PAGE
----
Left to Right: Janet Alkire, Sheri Buretta, Rep. Mary Peltola, Hon. Jarred-Michael Erickson, Hon. Frank White Clay

Left to Right: Hon. Frank White Clay, Hon. Jarred-Michael Erickson, Sheri Buretta

On Tuesday, April 30, 2024, the Committee on Natural Resources, Subcommittee on Indian and Insular Affairs convened in Washington D.C. for a crucial legislative hearing. Among the bills considered was H.R. 2687, introduced by Rep. Mary Peltola and co-sponsored by Rep. Pete Stauber (R-MN). The proposed legislation aims to amend the Alaska Native Claims Settlement Act (ANCSA), specifically addressing the exclusion of certain payments to aged, blind, or disabled Alaska Natives when considering eligibility for certain programs.

Chugach Testimony

Sheri Buretta, Chairman of the Board for Chugach Alaska Corporation (Chugach), took the stand to continue to advocate for this essential legislation that was originally introduced by the late Rep. Don Young over five years ago. In her testimony, she stated:

“Supporting community and the group is our culture and the way our people have endured for thousands of years in this harsh Alaska climate; this is especially true when it comes to taking care of our Elders and our disabled. Alaska Native Elders and disabled individuals who live in these remote areas express the challenges they face to pay for healthcare and basic necessities, such as glasses, dentures, or food. Most do not have pensions or retirement accounts.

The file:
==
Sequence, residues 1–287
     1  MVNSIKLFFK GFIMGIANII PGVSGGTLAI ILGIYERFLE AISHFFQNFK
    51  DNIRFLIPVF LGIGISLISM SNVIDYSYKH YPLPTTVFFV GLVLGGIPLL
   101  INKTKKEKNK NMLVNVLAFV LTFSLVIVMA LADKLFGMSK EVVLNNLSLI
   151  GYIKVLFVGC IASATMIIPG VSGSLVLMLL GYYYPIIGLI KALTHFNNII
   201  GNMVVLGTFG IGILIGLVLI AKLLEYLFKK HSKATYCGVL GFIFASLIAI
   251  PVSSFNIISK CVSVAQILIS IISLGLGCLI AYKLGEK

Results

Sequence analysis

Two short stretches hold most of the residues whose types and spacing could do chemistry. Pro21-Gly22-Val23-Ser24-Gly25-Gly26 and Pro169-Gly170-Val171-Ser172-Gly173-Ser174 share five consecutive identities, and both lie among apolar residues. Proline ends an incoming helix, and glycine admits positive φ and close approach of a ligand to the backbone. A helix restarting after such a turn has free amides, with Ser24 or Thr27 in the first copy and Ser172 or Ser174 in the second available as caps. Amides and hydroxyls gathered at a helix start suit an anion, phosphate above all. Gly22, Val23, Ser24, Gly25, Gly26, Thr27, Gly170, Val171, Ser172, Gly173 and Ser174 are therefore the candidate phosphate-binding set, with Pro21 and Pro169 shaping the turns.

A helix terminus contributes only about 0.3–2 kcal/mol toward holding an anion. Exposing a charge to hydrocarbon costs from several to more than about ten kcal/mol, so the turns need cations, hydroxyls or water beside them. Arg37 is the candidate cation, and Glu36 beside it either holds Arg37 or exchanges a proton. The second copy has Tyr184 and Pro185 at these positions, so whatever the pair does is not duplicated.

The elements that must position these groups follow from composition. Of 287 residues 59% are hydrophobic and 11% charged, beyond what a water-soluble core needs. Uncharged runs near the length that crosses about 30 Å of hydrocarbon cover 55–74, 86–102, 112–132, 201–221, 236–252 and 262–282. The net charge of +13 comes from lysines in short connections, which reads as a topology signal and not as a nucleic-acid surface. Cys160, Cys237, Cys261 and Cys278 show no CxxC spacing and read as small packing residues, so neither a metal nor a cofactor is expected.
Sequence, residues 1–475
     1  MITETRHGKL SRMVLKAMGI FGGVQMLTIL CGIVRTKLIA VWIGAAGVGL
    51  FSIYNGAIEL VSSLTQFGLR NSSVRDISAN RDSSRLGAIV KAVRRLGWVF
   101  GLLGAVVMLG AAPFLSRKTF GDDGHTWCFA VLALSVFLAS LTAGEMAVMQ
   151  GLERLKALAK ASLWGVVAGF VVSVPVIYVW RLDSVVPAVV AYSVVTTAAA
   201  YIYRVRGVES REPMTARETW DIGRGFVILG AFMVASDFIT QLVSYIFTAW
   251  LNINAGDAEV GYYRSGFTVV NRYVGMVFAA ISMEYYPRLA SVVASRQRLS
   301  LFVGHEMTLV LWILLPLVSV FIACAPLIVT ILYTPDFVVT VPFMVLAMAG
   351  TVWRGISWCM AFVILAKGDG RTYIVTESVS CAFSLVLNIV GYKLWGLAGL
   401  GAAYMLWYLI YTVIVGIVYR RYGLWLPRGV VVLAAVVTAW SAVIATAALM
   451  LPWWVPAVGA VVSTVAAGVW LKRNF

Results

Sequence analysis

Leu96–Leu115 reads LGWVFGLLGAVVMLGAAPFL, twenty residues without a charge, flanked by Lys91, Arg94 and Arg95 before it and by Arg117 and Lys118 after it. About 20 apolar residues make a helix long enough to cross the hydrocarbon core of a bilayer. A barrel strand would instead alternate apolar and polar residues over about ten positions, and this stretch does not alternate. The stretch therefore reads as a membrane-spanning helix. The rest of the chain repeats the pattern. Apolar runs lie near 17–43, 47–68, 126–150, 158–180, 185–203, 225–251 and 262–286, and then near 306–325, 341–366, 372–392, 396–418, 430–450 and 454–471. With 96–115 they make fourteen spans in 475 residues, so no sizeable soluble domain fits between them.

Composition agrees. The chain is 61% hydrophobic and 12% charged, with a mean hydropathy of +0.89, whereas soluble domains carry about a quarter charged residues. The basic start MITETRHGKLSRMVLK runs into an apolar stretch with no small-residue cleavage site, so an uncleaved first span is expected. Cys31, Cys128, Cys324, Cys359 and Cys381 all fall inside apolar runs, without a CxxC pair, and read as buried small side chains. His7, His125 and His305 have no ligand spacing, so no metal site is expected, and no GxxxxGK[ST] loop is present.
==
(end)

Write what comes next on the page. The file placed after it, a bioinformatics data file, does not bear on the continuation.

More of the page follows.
Village and Regional Corporations in Alaska provide benefits to our Native Elders through cash dividend distributions and distributions from Settlement Trusts; often the amount we give is just enough to push against the threshold amount these Elders and disabled shareholders receive through federal assistance programs for housing, nutrition assistance, Medicare, and Medicaid to support them and their communities.”

Although ANSCA allows an exclusion of the first $2,000 in dividends when determining eligibility for these programs, the threshold has not been increased or adjusted for inflation since 1988, nor has ANCSA been amended to exclude benefits received by Alaska Natives from settlement trusts.

Impact of H.R. 2687

Under H.R. 2687, distributions of Trust benefits to Alaska Native Elders (65 years or older) or disabled individuals will not count against them for purposes of determining eligibility for governmental assistance programs – ensuring that essential programs remain accessible to those who need them most.

Buretta closed her testimony with: “Chugach’s Elders and disabled shareholders should not have to choose between healthcare benefits or housing assistance or food stamps and receiving a dividend distribution that allows them to pay their bills each month.”

You can watch the full hearing here.

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